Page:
The multi-asset, multi-manager universe is a busy space. Between the IA’s Flexible and Mixed Investment sectors, you’ve got around 500 options to pick from. But a beacon has long been Jupiter Merlin Balanced, run by industry stalwart John Chatfeild-Roberts (pictured).
It is part of the well-known suite of Jupiter Merlin products, which also includes the more cautious Jupiter Merlin Income and the more aggressive Jupiter Merlin Growth portfolios. However, its excellent track record and strong team make it a core proposition for clients seeking an all-in-one solution in 2017.
And this may be a sensible year to invest through a fund of funds. As 2016 proved, markets can move swiftly following political events and in the coming months we have Donald Trump’s first 100 days in office, assorted European national elections and, possibly, the elusive Article 50 invocation.
Meanwhile, the US rate rise in December suggests 2017 may be a year of monetary policy divergence. Just as the quantitative easing (QE) and low interest rate cycle draws to a close in the US, the European Central Bank has been forced to extend its bond buying. The Bank of Japan has also said it will continue its QE programme.
Fiscal stimulus is also on the cards. Mario Draghi never fails to call for greater government action, Mr Trump campaigned on an infrastructure platform and Philip Hammond’s Autumn Statement set out several projects designed to boost the UK economy.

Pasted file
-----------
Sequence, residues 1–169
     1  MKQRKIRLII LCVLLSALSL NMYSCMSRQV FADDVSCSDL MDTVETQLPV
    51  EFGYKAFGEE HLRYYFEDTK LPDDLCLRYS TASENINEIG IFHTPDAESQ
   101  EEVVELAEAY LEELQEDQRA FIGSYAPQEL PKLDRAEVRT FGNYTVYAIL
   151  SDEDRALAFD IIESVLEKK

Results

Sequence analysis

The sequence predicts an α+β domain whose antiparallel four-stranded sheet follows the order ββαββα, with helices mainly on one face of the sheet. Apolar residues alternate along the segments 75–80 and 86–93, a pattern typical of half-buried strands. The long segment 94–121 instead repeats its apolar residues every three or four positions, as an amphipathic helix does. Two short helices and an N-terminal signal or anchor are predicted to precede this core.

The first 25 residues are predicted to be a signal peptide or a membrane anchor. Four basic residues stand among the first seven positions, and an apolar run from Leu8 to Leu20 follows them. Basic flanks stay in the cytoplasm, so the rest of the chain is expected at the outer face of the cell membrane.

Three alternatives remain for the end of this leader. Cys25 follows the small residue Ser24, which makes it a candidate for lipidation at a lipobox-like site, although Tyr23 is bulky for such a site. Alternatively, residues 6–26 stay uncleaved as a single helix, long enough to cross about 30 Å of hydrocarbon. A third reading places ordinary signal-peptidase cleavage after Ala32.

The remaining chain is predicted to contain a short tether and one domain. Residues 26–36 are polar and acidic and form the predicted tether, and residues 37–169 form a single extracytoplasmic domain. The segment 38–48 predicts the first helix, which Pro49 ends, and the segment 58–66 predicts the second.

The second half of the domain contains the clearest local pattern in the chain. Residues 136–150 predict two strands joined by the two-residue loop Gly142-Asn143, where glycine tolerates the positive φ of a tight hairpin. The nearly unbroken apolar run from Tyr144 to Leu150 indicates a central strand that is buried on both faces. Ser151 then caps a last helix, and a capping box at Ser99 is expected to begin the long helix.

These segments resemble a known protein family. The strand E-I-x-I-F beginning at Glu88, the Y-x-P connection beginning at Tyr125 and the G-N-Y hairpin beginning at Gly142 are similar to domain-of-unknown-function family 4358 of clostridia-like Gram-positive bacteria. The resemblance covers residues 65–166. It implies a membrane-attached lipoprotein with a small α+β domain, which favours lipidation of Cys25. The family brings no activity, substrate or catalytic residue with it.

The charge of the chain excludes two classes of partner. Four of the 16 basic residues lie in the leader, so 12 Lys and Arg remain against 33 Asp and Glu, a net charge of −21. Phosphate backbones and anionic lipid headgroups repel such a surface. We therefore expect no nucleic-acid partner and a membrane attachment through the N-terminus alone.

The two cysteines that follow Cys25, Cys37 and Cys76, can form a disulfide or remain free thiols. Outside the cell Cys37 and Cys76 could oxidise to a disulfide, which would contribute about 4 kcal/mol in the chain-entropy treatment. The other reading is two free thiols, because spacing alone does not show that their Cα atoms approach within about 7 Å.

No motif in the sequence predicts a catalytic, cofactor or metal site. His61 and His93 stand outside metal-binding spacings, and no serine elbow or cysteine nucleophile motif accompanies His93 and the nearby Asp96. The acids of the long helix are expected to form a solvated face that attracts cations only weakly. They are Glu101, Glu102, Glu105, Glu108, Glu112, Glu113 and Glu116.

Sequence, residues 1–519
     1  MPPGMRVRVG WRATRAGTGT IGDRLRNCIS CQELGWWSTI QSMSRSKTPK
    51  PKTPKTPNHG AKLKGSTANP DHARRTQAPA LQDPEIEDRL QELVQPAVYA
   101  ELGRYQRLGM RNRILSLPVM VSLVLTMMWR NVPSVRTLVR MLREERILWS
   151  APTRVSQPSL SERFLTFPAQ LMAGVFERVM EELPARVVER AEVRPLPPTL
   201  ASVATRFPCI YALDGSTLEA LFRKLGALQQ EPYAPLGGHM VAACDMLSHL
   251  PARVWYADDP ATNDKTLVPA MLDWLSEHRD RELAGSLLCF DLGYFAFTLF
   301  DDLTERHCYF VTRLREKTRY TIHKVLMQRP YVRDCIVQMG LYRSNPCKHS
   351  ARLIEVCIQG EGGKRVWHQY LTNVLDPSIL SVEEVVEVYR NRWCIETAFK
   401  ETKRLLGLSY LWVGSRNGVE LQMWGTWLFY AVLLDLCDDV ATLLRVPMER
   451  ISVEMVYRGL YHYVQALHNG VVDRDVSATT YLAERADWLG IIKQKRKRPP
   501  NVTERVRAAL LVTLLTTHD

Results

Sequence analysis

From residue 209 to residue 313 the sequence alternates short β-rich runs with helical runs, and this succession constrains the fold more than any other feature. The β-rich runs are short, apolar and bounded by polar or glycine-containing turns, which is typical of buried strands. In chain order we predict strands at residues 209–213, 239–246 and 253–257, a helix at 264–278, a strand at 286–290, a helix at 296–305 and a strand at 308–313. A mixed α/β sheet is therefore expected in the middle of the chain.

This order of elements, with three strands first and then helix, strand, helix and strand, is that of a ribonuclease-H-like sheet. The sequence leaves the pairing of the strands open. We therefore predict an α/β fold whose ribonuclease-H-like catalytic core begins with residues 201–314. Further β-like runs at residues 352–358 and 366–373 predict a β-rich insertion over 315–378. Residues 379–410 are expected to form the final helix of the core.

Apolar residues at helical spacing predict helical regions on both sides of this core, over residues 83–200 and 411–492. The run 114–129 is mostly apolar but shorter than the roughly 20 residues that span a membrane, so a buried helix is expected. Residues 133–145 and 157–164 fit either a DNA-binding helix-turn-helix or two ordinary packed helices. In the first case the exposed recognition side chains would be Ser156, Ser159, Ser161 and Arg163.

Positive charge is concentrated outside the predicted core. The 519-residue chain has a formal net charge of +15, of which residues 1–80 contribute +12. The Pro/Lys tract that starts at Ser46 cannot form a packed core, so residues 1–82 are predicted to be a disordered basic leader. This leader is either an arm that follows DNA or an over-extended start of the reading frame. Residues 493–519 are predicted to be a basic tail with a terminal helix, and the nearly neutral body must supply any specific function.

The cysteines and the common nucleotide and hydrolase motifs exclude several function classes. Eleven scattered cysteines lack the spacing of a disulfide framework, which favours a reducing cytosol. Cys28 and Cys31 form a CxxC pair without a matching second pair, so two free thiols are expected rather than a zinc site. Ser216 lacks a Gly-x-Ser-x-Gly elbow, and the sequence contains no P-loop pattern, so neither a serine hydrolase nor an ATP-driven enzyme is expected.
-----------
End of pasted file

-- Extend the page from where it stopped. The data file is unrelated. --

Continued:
Between these two approaches – fiscal and monetary – one of the main hazards of the year ahead could be inflation. Central banks will need to strike a balance and there could be more significant ramifications for the bond market in terms of rising yields and falling prices.
Overseeing a portfolio of individual funds for clients in this environment will be especially challenging. You very likely won’t have the resources, analyst teams and manager access that the large groups do, which can help them to respond rapidly to changing conditions.
Mr Chatfeild-Roberts’ name carries weight in the industry. He and his team are constantly meeting new managers and revisiting existing relationships. They have the expertise to pick up on underlying issues with funds or softer factors that may impact performance, which may not be immediately apparent.
Mr Chatfeild-Roberts also recently stepped down from the Jupiter board to focus fully on running the Merlin range, which I see as a big positive. He also has a history of investing in star managers early in their careers – he was an early supporter of Hugh Yarrow at Evenlode – which is a good example of the kind of value he can add.
Jupiter Merlin Balanced is heavily invested in equities and holds next to nothing in fixed income. It also has an allocation to physical gold, which is a sensible hedge, and a small amount in property as a further diversifier.
With an ongoing charges figure of 1.63 per cent, it is not cheap, but relatively standard for a fund of funds and, in my view, a reasonable cost for an excellent, actively managed portfolio.